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Review: Stokke Xplory

It's starred in the 'Sex and the City' movie, but is this space-age pushchair a hit on the streets?

Posted: 4 August 2008
by Debra Stottor

Stokke Xplory

An incredibly versatile, high-performance pushchair – modern design in motion
It’s neither cheap nor particularly compact when folded
Features: Suitable from birth (with carrycot) to 15kg. Based around the central stem, this unusual-looking buggy enables your baby to sit higher than in other buggies, facing in or out. The handlebar is adjustable, the tyres are soft but won’t puncture and it’s easily manoeuvrable.
Price: £599, with carrycot £731
Weight: 12.5kg
Dimensions: Open H84-115cm x W57cm x L72-130cm (with seat) or 91-123cm (with baby bag)

Stokke Xplory
The concept
It looks a little like a high chair on wheels, as the seat is so elevated, but this means that your little one is up and away from the traffic fumes and has a bird’s eye view of what’s going on around him. (And if you need him to be lower down, that’s possible too.)
But that’s the least of what this buggy is capable of: your baby can face you or face the world (development experts recommend that your baby faces you for maximum contact), the seat can recline to five different positions and the footrest is height adjustable for optimum comfort.
Newborns, meanwhile, can luxuriate in the sturdy, cocooning carrycot. The seat is nicely padded and the hood gives good protection from the elements.

In action
For parents, the handle is height- and angle-adjustable and what looks like a small bag underneath expands beyond recognition into something rather capacious (just as well, as this is not the sort of buggy you can hang carrier bags from).
The smaller front wheels can be fixed or swivel, depending on the terrain you’re on, and if you need to pull it upstairs or drag it along the beach, you can fold away the front wheels and pull it on the remaining two.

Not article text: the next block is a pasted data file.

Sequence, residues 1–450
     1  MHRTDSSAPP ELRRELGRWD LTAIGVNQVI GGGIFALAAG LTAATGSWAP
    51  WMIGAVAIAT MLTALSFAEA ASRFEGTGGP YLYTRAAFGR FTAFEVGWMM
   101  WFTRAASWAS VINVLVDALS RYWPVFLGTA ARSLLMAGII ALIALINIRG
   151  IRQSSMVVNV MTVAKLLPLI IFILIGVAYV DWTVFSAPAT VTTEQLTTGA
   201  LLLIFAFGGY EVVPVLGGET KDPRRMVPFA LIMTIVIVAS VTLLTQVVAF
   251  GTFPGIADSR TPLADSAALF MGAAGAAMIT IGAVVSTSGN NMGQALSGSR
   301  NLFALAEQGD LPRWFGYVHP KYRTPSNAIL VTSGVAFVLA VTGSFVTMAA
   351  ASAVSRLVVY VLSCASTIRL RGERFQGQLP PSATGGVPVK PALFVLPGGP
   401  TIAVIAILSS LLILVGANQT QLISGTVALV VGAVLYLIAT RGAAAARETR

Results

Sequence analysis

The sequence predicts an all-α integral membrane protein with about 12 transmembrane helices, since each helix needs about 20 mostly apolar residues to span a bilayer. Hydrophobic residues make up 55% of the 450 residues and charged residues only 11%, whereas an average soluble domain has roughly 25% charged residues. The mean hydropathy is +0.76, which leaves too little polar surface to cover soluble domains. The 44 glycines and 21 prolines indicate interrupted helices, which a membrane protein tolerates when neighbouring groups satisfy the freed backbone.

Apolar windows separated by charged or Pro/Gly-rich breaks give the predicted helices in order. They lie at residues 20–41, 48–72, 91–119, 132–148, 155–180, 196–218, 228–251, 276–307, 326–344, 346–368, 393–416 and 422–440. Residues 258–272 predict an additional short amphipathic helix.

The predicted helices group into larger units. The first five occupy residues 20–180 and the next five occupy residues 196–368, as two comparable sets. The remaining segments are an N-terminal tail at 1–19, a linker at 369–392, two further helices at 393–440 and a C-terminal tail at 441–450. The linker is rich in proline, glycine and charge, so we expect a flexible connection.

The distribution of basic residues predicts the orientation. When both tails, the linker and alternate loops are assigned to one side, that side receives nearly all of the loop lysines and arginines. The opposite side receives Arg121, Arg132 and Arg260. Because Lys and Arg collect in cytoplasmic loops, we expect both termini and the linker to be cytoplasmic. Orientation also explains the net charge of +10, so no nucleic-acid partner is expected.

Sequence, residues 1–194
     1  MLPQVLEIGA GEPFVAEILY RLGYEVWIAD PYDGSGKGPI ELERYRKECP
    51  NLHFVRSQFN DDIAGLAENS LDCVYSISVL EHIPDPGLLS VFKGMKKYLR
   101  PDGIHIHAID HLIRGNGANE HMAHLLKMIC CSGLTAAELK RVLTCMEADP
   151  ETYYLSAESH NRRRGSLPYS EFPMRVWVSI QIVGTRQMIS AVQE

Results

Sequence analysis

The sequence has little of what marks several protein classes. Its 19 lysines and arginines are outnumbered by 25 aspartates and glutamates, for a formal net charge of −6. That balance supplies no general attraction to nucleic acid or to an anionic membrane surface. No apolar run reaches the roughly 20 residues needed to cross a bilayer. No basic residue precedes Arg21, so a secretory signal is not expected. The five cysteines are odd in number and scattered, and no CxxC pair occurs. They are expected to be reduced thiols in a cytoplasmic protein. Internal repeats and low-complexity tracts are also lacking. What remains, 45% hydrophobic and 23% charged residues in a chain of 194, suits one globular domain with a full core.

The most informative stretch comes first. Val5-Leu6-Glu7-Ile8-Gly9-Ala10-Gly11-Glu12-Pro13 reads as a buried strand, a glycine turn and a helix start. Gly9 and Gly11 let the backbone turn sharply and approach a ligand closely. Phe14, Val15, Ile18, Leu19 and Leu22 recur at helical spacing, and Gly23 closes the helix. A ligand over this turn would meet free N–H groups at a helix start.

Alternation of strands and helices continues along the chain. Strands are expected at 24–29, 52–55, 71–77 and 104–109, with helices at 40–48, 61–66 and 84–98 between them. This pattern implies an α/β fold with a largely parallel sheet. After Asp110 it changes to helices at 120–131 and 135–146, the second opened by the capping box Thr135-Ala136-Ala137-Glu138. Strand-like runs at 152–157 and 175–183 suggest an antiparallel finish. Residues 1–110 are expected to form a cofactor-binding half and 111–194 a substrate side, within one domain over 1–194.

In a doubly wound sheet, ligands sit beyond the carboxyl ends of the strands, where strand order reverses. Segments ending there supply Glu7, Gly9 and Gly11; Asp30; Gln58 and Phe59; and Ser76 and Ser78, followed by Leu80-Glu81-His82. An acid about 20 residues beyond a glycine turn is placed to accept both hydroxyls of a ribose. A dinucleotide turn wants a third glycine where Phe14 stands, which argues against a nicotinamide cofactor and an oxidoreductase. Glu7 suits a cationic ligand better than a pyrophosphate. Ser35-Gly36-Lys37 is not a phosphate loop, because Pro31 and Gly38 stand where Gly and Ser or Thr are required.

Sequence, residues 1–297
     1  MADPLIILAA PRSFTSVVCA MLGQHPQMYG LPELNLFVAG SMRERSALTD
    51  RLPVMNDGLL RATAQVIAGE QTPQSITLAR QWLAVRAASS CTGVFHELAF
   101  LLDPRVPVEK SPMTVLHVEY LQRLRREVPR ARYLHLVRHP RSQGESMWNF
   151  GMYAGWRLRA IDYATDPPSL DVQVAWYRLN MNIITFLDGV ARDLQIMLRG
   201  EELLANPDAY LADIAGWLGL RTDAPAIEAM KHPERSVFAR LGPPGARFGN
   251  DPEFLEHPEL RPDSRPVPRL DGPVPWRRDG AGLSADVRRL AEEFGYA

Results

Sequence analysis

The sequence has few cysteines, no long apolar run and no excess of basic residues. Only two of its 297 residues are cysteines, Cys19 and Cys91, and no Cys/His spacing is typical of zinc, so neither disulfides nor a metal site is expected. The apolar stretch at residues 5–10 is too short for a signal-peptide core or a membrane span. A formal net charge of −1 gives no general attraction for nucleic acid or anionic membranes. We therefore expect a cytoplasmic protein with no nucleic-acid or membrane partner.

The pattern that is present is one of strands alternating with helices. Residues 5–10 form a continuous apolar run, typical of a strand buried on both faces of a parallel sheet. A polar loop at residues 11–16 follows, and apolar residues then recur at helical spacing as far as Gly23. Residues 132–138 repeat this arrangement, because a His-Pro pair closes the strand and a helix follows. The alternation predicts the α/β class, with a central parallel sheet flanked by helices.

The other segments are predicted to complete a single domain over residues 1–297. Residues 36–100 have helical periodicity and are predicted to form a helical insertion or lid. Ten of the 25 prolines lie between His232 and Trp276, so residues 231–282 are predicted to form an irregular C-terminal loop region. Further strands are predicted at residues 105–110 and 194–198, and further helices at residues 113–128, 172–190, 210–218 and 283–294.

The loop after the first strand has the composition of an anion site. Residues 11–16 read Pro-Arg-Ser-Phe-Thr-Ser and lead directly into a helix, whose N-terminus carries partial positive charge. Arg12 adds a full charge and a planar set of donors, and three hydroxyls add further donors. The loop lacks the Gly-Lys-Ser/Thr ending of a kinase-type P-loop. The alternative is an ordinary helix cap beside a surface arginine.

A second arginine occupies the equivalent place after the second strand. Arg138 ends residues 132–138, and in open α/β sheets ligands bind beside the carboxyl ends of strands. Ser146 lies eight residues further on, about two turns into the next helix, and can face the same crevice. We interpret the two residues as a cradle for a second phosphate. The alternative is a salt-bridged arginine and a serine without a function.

The rubber tyres are filled with air bubbles (which makes them sound like an Aero), so they give a smooth ride but won’t puncture. If you’ve got long legs you’ll be pleased to hear that there’s no central bar between the back wheels so you can stride out without fear of bashing your ankles and feet.
The brake is operated by a pedal next to the back wheel.

Easy to move with in small spaces
The Xplory looks big, but has a small ‘footprint’ so it’s no problem getting it in and out of shops or small spaces.
The biggest problem is when it’s folded down, as it’s not that compact, and if your boot is on the small side you may need to disassemble it more than is convenient for everyday use. Folding and unfolding – and all the other adjustments – are easy enough when you’ve got used to it, and everything clicks securely into place, so this buggy feels like a good-quality, durable piece of kit.
It’s also sure to attract attention as you wheel it down the high street, as it’s like no other pushchair on the market.

Colours and accessories
Accessories included in the price: raincover, mosquito net, hood, shopping bag.
Accessories available as extras: Changing bag (£70), footmuff (£70), mosquito net (£10), parasol (£30), travel bag (£70), car seat adapters (£30).
Colours: Red, orange, turquoise, black, green and cream.

The ThinkBaby verdict

If you’re not afraid to stand out from the crowd and aren’t short of money (or space), this is a good, hard-working buggy.
Portability/storage: 2/5
Usability: 3/5
Comfort: 4/5
Quality: 4/5
Value: 3/5

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Discuss this story

we have an xplory and it is FANTASTIC. Our 3 month old has been in the babybag (carrycot) so far and it's so good to be able to just take off the unit and set it on the floor like a moses basket when visiting friends, or on the picnic blanket! something you can't do with a soft cot like on the bugaboo chameleon/gecko or the phil+teds.

We use the bus in London a lot and it fits down the aisle (unlike some buses with the quinny buzz) and it's footprint really isn't that big- it fits in almost the same space  as a fully-laden Maclaren

The shopping bag is huge, if a bit fiddly to access (you do have to bend down to it) and it probably isn't ideal if you have a smartcar as it is big when collapsed (we don't have a car so not a problem for us)

It's a dream to push and you can manouevre around sainsburys local with one hand. My  husband recently pushed a friend's little one in their Maclaren and remarked on how much more work the Maclaren was.

it is expensive at RRP but we got the stroller chassis and babybag for £499 at a Baby Show special offer so if you've got the time to order it and wait it can be reasonably affordable as well. 

just be prepared for people to comment on it whenever you go out!

Posted: 04/08/2008 at 14:01

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